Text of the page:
Netflix Expands To Scandinavia, Land Of Piracy
Netflix on Wednesday announced plans to launch its streaming on-demand TV and movie service in Sweden, Norway and Finland by the end of 2012. The California-based company revealed the launch in a blog post.
The move is particularly interesting given that Scandinavia -- most notably Sweden -- has been associated with online piracy for many years. In fact, Sweden happens to be home to The Pirate Bay, arguably the world’s most notorious file-sharing site. And while piracy is said to be declining in the country, nearly 1 in 5 Swedes claim to have downloaded films illegally during the second quarter of 2012, according to Swedish industry research firm MediaVision.
However, signs indicate that consumer habits may be changing. Digital music sales, for example, have rebounded following several years of declines in the region -- mostly due to the rise of Spotify in Sweden and Wimp in Norway, services that offer legal alternatives to piracy.
And while early attempts by services like Voddler and Headweb to copy the Netflix model in Scandinavia have fallen flat, analysts claim this has more to do with the lack of content offered by those services than an unwillingness on the part of the general public to abandon piracy.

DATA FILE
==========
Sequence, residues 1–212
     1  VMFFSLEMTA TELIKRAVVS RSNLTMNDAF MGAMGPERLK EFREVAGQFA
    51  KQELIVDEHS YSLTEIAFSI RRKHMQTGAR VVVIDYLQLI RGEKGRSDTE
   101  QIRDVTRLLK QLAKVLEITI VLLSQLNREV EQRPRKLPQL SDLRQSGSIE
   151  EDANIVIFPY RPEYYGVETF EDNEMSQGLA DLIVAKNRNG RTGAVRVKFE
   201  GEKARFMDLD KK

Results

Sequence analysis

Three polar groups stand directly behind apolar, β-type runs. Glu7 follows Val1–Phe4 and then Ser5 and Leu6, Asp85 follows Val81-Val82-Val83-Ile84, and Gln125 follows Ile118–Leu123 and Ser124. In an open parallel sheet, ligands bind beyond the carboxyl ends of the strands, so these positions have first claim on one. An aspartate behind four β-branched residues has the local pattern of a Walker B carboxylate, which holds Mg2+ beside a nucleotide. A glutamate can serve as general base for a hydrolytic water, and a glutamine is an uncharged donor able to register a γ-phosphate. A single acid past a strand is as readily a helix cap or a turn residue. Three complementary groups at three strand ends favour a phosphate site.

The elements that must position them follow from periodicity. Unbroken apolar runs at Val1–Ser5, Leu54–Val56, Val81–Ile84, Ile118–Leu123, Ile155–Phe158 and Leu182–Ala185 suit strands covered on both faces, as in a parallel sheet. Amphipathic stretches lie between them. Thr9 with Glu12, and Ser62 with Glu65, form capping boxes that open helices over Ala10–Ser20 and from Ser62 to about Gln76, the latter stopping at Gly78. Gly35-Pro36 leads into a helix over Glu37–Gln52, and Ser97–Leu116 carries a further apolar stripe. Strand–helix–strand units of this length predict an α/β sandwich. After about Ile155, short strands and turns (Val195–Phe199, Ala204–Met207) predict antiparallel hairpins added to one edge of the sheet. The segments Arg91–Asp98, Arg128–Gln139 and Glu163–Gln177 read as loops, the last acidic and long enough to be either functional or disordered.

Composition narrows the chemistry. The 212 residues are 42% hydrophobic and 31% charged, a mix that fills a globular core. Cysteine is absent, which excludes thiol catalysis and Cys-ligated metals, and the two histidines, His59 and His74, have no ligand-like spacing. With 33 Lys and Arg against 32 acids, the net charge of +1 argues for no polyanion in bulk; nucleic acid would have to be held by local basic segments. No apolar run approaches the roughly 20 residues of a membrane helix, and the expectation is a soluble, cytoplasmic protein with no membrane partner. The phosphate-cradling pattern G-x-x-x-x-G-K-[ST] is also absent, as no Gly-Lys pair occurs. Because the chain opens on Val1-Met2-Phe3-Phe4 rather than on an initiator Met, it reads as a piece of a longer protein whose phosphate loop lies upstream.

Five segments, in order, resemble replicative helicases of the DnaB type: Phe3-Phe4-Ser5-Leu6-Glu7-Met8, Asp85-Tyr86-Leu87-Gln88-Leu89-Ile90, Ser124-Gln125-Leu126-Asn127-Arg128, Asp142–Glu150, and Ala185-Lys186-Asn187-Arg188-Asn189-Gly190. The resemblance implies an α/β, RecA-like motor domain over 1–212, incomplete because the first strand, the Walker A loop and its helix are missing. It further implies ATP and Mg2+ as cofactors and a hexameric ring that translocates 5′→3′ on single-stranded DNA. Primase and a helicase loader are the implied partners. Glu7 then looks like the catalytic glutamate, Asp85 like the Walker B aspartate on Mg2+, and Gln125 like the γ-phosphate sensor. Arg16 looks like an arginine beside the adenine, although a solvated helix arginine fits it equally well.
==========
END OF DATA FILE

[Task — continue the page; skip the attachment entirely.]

"The extent to which Netflix will be able convert illegal behavior depends on the size of its content library and the subscription cost," Ingrid Salomonsson, an analyst at MediaVision, tells The Wall Street Journal. "We have seen that Spotify, which has signed distribution deals with both large and small record companies, has had an inhibitory effect on illegal downloading [in Sweden]."
Netflix’s content partners include Miramax, Paramount, Sony Pictures and Twentieth Century Fox.
The California-based streaming media giant continues its international expansion, having added 600,000 international members in the second quarter. Netflix is now available in Canada, the UK, Ireland, and Brazil, Argentina, Mexico, Colombia and Chile. Its international member base is now 3.5 million members -- approximately 13 percent of the company’s total.